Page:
It is important to note that it is not surprising that Congress passes laws to restrict litigation that may seem unfair. After the terrorist attacks of September 11, 2001, for example, Congress passed a law prohibiting civil action against anyone who provides assistance to the intelligence community. However, the uncommon thing about PLCAA is that it provides universal immunity to an entire industry rather than a particular industrial behavior.

"No single industry has ever granted such broad legal protection -- and hasn't done so since," The Trace reported last year.

PLCAA's firewall has frustrated many plaintiffs who have tried to break it with seemingly detachable cases. For example, the parents of a victim of a movie theater shooting in Aurora, Colorado, in 2012 filed a lawsuit against several online retailers for selling ammunition and other equipment to the shooter without proper warranties, but a federal court ruled that the claims were pre-empted by PLCAA.

Second Amendment rights advocates

Why does the industry that manufactures and sells such deadly products deserve such special protection?

Gun rights organizations assert that PLCAA is necessary because the arms industry is particularly important because of its association with the constitutional right, the Second Amendment. They also argue that it is necessary to defend an industry whose goal is "frivolous claims".

In any case, the forces seeking greater accountability from the arms industry will not disappear any time soon. They may even gain momentum.

Last September, an appeals court in Pennsylvania ruled plcaa law unconstitutional. If so, it means that the arms industry cannot use PLCAA to defend itself in Pennsylvania. It could also mean that the case -- and the issue of legal immunity for the arms industry -- could end up before the U.S. Supreme Court.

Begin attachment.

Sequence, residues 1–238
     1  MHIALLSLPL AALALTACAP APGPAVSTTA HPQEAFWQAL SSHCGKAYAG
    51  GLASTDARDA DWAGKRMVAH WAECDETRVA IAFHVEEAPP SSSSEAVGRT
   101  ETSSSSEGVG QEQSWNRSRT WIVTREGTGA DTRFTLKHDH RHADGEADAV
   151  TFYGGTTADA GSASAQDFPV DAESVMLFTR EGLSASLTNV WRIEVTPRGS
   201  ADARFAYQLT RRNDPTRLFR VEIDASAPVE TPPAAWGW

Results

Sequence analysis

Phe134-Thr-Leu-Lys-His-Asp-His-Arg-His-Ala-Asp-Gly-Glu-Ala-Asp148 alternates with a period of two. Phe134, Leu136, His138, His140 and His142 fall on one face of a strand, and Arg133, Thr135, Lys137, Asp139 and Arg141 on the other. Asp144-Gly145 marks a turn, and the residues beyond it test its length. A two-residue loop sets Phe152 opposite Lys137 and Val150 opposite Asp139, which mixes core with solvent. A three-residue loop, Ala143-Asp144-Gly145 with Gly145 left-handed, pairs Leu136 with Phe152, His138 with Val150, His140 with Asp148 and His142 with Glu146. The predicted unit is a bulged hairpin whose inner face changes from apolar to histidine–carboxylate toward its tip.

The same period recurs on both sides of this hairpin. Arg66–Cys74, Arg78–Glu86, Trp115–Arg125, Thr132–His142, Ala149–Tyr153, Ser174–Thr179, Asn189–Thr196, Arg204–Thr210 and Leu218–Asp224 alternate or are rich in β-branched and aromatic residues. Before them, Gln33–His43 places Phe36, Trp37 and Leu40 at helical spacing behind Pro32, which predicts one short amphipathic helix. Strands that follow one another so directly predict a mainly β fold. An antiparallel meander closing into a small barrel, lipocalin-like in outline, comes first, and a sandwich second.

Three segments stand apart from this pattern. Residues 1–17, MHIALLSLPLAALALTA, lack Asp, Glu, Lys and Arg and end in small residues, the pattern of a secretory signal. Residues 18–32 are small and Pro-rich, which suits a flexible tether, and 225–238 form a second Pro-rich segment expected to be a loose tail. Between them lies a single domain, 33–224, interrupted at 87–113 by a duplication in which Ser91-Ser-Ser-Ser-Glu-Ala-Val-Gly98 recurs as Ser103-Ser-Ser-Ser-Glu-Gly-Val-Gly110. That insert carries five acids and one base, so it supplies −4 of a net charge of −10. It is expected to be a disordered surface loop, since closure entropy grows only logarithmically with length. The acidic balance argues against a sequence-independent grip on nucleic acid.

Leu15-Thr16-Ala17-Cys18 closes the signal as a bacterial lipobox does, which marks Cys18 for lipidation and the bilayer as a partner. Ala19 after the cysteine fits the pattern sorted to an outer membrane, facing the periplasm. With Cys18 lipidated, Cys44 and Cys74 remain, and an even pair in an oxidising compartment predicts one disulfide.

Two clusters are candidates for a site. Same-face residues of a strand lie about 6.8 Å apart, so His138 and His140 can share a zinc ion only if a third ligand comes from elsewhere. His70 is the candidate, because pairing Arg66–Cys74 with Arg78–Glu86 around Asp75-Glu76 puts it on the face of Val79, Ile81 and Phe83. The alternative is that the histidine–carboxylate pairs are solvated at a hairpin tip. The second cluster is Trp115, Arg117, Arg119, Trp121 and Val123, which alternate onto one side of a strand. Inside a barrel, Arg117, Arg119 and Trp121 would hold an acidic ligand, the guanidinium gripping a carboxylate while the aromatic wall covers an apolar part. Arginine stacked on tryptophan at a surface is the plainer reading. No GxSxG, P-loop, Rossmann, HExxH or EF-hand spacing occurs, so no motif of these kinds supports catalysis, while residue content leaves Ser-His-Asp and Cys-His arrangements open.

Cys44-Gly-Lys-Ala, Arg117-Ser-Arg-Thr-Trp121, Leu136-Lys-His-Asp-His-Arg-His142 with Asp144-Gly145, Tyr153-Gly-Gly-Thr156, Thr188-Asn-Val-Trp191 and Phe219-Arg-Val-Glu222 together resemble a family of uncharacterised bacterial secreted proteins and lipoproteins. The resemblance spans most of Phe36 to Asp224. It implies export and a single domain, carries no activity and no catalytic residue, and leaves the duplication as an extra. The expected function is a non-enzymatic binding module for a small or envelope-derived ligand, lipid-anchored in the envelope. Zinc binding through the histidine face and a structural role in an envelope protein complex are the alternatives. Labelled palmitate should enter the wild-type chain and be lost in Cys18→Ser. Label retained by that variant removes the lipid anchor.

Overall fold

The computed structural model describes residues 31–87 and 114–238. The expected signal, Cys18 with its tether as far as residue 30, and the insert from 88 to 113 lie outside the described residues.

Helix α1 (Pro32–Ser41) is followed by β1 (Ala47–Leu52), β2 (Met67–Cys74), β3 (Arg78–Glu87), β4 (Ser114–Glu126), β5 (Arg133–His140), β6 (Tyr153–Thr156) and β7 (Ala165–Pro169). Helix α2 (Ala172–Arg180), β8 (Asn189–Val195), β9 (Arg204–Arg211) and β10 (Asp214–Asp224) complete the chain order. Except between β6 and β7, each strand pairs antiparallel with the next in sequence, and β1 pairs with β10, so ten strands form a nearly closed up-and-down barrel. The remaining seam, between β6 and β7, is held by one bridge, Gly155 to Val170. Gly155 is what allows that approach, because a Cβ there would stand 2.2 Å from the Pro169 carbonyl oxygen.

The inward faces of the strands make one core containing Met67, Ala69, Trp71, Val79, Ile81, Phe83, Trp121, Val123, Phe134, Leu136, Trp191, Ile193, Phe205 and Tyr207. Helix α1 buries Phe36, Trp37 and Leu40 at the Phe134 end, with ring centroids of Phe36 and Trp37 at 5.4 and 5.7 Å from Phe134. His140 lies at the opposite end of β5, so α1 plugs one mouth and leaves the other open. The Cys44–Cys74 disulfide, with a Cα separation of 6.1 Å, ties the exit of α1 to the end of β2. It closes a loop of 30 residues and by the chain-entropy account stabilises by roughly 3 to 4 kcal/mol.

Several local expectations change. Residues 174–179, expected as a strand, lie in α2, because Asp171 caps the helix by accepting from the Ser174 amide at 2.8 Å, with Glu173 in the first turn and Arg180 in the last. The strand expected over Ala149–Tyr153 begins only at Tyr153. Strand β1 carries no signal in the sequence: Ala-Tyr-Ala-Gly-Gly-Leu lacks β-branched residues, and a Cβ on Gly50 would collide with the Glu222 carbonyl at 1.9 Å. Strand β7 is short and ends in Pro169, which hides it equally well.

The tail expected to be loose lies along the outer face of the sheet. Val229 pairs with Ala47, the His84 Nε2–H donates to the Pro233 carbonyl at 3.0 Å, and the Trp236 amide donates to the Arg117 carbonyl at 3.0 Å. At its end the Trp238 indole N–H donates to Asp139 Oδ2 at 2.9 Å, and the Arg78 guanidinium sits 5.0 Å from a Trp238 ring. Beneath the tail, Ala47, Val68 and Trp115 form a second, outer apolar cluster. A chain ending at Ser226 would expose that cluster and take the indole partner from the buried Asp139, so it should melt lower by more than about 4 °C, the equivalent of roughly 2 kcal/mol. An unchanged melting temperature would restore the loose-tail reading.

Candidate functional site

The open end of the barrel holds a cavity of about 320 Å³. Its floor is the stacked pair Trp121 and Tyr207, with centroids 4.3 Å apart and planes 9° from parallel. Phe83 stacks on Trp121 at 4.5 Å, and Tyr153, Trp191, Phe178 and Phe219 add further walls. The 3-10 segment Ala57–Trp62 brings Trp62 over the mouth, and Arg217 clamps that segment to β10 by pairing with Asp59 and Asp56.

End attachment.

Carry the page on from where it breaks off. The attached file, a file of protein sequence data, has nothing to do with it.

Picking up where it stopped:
There is a tendency to believe that judges will not lean toward the Second Amendment with any gun-related case, but Brady Center lawyer Jonathan Lowe told Reuters that the Pennsylvania case is really a 10-oct. In this case, the plaintiffs argued that PLCAA violated the October 10 amendment because it stripped states of their power to rely on their own laws to hold the gun industry accountable.

The Pennsylvania case involved a shooting incident that resulted from the shooting of another boy with a Springfield Armory semi-automatic pistol that contained a single cartridge in the room, believing it was empty because he removed the magazine clip. The parents of the deceased boy argued that Springfield was negligent in selling a weapon without a "magazine separation" device, but lost at the trial stage when the judge rejected it, citing PLCAA.

But on appeal, the plaintiffs changed their approach, focusing on the clear exception in PLCAA on cases involving a "knowing violation" of state laws or federal laws that "apply to the sale or marketing" of a firearm or ammunition. The October 10 case became the case amendment the court of appeal agreed with their argument.

Sandy Hook and Bankruptcy

The language of "knowledge of violation" was also at the heart of the lawsuit brought by the families of the Sandy Hook victims against Remington Arms, and when the U.S. Supreme Court refused to hear the PLCAA-based Remington Challenge in November 2019, it meant that families could proceed with their case claiming that the shooter was motivated by advertising for his crimes.

Now, in New Jersey, Attorney General Graywall is focusing on the same exception as the law. He says Smith & Wesson "intentionally violated the law."

Did they?

The answer may lie in their internal documents.